This question is closely related to discussions on the notion of “attack” above. To start with, if data are deleted or manipulated in a manner that is designed or expected to cause, directly or indirectly, death or injury to a person, or damage to (including–in our view–by disabling) a physical object, the operation is an attack regardless of whether data themselves constitute objects for the purpose of IHL. This is the case because the consequences of an operation against data can qualify that operation as an attack under IHL and therefore subject to pertinent IHL. For these attacks, it is not important whether or not data qualifies as an object under IHL.
The question of whether data are objects for the purpose of IHL is, however, critical for operations that are not designed or expected to cause such consequences. Broadly speaking, two general approaches can be considered. Under the first approach, which considers data as objects under IHL, an operation designed or expected to delete or manipulate data would be an attack governed by all the relevant IHL rules because it would amount to destroying or damaging an object (the data). This would also be the case if such deletion or manipulation were not expected to cause death or injury to a person or to damage or disable a physical object. Even under this view, however, an operation designed solely to access (possibly confidential) data without deleting or manipulating them – such as spying – would not be an attack.
Conversely, if data are not considered to be objects under IHL, an operation designed to delete or manipulate them without causing death or injury to a person or damage to an object would not be governed by the rules on attacks, or by some of the more general rules affording protection to civilian objects (such as the obligation to take constant care to spare civilians and civilian objects, as discussed below in the section on “Rules Governing Military Operations Other than Attacks”). The operations could, however, be governed by other specific protection regimes under IHL, which will be analyzed below in the section on “IHL Rules Protecting Objects Indispensable to the Survival of the Civilian Population, Medical Services, and Humanitarian Relief Operations”. Still, there would be a gap in protection for essential civilian data that do not benefit from a specific protection regime, and this would raise concern.
Experts hold different views on whether data qualify as objects for the purposes of the IHL rules on the conduct of hostilities.145 One view, held by the majority of experts involved in the Tallinn Manual process, is that the ordinary meaning of the term “object”, as discussed in the 1987 ICRC Commentary on AP I, cannot be interpreted as including data because objects are material, visible and tangible.146 The relevant explanation in the ICRC Commentary, however, aims at distinguishing objects from concepts such as “aim” or “purpose”, not at differentiating between tangible and intangible goods, and therefore cannot be seen as determinative for the debate on data.147 In contrast, others have argued that either all or some types of data should be considered as objects under IHL. One view is that the “modern meaning” of the notion of objects in today’s society, and an interpretation of the term in light of its object and purpose, must lead to the conclusion that “data is an ‘object’ for the purposes of the IHL rules on targeting”.148 This interpretation is supported by the traditional understanding of the notion of “object” under IHL, which is broader than the ordinary meaning of the word and encompasses also locations and animals. Another proposal is to differentiate between “operational-level data”, or “code”, and “content-level data”.149 In this model, it has been argued that, notably, operational-level data may qualify as a military objective, which implies that this type of data could also qualify as a civilian object.150 While considering operational data as objects would align with the view discussed above that disabling objects constitutes an attack, it does not appear to provide additional protection. In this debate, it has been argued that none of the proposed conclusions is entirely satisfactory, each being either under- or over-inclusive.151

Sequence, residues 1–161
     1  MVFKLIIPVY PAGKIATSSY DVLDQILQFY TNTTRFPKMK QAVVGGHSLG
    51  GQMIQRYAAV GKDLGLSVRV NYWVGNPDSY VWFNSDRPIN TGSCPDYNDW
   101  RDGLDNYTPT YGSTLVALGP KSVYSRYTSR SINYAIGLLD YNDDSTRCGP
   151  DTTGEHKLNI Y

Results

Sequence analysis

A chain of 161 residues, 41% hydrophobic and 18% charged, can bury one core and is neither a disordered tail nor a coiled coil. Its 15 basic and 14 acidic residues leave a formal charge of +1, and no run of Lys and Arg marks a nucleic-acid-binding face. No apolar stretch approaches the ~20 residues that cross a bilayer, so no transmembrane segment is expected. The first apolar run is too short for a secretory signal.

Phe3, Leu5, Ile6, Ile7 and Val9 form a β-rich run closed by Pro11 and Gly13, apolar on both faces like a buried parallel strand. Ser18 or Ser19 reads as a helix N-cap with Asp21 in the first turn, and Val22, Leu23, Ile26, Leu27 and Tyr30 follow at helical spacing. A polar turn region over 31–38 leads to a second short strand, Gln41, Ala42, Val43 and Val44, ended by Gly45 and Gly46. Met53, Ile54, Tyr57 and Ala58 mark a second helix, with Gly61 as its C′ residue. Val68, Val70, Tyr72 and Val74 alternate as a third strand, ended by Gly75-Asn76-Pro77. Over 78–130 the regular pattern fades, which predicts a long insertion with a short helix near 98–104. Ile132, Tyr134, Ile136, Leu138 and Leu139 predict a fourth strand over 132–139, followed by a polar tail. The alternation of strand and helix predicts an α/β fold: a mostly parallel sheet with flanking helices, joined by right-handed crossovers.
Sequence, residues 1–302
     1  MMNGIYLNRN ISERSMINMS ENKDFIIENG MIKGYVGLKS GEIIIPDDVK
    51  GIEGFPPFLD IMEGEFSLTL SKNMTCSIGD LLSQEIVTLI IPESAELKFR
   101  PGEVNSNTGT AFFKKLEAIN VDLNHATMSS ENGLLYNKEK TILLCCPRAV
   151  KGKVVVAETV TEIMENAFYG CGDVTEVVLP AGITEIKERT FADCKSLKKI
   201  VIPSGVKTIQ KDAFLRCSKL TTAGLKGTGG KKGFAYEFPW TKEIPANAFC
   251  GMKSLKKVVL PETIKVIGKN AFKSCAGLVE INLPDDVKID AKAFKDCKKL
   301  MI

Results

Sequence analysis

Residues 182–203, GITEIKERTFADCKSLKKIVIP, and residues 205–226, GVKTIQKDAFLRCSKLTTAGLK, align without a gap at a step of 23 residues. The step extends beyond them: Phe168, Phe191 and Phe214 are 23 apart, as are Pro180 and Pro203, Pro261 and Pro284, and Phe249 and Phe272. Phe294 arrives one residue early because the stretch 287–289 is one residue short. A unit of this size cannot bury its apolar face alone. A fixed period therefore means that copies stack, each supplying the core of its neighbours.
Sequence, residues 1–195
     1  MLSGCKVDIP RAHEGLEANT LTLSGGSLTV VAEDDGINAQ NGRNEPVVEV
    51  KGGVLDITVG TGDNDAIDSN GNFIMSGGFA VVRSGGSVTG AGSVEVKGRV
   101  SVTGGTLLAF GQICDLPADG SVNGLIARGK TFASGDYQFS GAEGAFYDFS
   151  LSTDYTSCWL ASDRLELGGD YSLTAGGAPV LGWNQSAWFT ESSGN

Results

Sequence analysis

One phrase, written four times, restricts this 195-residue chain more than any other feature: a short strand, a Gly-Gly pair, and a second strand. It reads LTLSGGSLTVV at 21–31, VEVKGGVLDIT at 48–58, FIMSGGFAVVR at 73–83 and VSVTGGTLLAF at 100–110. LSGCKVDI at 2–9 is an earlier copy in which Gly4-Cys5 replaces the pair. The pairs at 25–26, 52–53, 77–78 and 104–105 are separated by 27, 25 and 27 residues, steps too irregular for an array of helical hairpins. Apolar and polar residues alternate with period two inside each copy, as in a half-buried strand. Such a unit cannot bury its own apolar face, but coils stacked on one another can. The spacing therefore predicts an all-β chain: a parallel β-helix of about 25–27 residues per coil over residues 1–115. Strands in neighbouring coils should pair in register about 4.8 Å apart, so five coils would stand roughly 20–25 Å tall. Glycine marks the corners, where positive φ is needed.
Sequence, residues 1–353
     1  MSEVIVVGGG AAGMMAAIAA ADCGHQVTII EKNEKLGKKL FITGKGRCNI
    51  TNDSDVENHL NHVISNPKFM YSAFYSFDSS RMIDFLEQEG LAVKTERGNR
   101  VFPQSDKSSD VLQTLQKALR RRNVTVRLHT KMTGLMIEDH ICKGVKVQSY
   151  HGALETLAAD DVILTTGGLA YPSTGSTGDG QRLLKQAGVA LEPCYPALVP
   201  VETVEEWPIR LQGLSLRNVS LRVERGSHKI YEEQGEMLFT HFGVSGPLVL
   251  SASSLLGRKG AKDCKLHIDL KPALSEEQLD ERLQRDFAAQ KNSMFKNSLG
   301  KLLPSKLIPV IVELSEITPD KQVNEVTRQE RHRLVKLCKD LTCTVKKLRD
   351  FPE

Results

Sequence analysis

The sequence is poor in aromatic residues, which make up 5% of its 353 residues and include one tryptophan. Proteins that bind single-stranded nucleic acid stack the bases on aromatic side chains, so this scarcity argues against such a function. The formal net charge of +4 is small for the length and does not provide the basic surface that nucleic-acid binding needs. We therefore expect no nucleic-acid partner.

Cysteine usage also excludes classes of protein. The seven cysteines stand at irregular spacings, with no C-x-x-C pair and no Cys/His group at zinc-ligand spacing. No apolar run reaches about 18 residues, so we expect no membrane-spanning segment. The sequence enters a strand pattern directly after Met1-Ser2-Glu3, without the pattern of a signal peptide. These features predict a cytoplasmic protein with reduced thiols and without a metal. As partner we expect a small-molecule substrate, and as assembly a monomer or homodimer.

For its part, the ICRC has stressed the need to safeguard essential civilian data, emphasizing that in cyberspace, deleting or tampering with data could quickly bring government services and private businesses to a complete standstill and could thereby cause more harm to civilians than the destruction of physical objects. Thus, in the ICRC’s view the conclusion that this type of operation would not be prohibited by IHL in today’s ever more cyber-reliant world seems difficult to reconcile with the object and purpose of this body of norms.152 Logically, the replacement of paper files and documents with digital data should not decrease the protection that IHL affords to them.153 As the ICRC has emphasized, “[e]xcluding essential civilian data from the protection afforded by IHL to civilian objects would result in an important protection gap”.154